While gasoline may not be flammable, the vapors it produces are extremely combustible, so gasoline is considered to be an unstable and potentially deadly substance. The correct gasoline storage practices have to be respected and implemented to protect against any devastating fires or explosions. In order to safely store gasoline, you must know the best places for storage and have approved storage containers. It is also important to understand how to store gasoline if you are using it for a home power generator.
The best places for gasoline storage
Never store gasoline in your home. Storing gas in your home is not just a serious fire hazard, but a public health hazard as well. Exposure to the fumes is associated with certain health risks. Gasoline should always be kept in an outdoor structure such as a tool shed, storage barn, or separate garage. The structure should have an average internal temperature of about 80° Fahrenheit or below.
No potential sources of ignition should be anywhere near these storage locations, including hot water tanks and radiators. To be safe, you should also have a fire extinguisher handy at all times near your gasoline storage location.
Only use approved containers
Gasoline should only be stored in authorized containers that are firmly sealed and clearly labeled. Home and hardware stores usually have a wide selection of storage containers to browse through. Don’t keep gasoline in glass jugs or other improvised receptacles and make sure the storage containers you do use have suitable lids. Simply stuffing a rag into the hole of a container is inadequate and poses a major fire hazard.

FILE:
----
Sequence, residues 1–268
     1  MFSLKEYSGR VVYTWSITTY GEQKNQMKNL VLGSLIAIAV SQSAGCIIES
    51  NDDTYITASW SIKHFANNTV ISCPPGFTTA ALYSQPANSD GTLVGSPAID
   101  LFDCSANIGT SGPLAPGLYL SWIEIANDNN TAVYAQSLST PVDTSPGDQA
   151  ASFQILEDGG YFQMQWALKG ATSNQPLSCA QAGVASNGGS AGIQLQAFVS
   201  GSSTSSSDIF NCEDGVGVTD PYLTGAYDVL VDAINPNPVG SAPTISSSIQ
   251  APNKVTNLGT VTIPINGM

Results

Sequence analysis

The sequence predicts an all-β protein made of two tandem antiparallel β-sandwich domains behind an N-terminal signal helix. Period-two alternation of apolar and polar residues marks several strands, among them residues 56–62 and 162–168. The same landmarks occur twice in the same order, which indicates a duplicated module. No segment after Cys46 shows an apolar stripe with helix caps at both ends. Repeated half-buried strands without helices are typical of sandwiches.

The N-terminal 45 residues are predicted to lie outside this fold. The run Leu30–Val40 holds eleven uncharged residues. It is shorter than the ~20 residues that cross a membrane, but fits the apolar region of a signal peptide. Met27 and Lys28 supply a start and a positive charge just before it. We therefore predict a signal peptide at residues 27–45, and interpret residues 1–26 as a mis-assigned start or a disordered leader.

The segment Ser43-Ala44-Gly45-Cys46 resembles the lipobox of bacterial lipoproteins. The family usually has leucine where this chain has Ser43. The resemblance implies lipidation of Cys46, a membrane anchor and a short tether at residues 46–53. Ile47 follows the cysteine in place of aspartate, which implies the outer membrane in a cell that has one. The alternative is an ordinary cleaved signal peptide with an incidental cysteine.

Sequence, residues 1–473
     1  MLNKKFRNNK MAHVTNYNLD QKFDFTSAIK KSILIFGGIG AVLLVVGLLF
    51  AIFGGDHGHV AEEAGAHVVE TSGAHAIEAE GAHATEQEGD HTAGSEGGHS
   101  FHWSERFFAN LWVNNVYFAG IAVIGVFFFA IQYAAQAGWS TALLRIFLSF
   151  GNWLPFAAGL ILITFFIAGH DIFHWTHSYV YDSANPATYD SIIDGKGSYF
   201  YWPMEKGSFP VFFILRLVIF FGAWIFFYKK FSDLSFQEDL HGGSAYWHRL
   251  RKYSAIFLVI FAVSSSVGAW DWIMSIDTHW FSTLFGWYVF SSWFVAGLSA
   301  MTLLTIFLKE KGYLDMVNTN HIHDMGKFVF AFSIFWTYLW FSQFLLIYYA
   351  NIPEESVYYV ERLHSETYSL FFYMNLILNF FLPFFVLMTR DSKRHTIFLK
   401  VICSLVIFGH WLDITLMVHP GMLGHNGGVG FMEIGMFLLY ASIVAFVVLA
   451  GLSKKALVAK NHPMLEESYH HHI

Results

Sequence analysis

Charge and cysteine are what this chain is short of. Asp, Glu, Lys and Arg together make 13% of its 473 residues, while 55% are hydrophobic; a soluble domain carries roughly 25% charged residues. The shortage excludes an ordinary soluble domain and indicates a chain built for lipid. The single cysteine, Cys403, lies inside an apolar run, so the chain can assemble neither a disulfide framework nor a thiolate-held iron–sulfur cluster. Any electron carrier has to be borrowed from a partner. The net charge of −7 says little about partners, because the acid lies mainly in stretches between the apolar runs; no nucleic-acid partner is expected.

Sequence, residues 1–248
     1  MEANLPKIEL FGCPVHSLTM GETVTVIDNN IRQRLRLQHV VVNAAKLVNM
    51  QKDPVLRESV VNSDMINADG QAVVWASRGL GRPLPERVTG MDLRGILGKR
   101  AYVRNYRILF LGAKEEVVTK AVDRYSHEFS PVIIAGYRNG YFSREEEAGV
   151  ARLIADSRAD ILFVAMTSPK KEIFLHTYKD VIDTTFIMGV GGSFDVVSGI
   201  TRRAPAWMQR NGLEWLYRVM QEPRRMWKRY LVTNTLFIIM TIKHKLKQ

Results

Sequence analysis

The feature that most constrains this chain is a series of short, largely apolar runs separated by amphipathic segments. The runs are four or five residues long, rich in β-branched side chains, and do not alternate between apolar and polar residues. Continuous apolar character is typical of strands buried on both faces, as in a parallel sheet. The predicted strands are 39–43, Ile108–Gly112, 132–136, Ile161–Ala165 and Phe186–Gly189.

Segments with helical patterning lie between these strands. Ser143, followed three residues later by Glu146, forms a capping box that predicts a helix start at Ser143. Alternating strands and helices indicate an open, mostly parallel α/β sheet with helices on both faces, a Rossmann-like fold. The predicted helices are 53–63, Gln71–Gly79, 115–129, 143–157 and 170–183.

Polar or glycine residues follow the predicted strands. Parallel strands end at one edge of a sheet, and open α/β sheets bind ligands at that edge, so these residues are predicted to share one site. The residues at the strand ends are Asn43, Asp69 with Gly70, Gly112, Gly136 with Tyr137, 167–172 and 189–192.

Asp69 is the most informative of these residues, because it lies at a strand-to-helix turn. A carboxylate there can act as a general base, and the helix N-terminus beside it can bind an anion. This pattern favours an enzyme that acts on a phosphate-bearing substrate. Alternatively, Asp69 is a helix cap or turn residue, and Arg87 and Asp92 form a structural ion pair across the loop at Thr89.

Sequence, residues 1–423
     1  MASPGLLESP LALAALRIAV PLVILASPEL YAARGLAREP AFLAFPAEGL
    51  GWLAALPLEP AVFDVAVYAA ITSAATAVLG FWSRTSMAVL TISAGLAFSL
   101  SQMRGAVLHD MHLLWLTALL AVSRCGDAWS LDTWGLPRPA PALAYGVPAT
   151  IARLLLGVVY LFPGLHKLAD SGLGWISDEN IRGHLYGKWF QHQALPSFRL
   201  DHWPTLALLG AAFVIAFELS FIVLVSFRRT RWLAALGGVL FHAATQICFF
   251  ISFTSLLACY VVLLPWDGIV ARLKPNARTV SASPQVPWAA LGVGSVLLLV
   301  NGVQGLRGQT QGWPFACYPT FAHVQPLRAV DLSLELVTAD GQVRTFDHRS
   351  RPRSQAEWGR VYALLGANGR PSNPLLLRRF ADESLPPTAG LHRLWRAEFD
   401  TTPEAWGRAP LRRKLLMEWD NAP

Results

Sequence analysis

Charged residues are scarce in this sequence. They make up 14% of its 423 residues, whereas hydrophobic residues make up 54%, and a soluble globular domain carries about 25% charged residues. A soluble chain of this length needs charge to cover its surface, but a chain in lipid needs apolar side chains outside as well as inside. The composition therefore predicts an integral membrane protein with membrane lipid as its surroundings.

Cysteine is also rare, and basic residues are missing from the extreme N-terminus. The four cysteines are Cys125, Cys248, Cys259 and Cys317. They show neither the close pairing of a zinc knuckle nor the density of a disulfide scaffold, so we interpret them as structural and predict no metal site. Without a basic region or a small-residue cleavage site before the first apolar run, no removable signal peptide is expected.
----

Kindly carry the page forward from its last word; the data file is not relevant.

It is best to store the least amount of fuel required for an operation. Gasoline rapidly decomposes, so it is less pure if it has been stored for longer than several weeks. As a result, gasoline that is stored over the winter season will probably be worthless by the time spring comes.
Gasoline and home generators
In case you own a home generator for use during power outages, you should never try to store gas in its tank. This is again due to gasoline’s tendency to rapidly break down. If your generator is unused for an extended period, the gas sitting in it may cause severe destruction to the internal parts. Instead, store your gasoline in an approved receptacle and only add the gas to your generator when you need to. Don’t store your gas in the same room or location where your generator operates either, since a generator is a potential source of ignition.
It is important for anyone who handles gas to understand how to safely store this fuel. If you would like to learn more about proper storage procedures for wholesale fuel, contact the professionals at Kendrick Oil today. You can call us (800) 299-3991 or Contact Us by email for more information about our products and services. We have locations in Texas, New Mexico, Oklahoma, Kansas, Colorado, and Louisiana.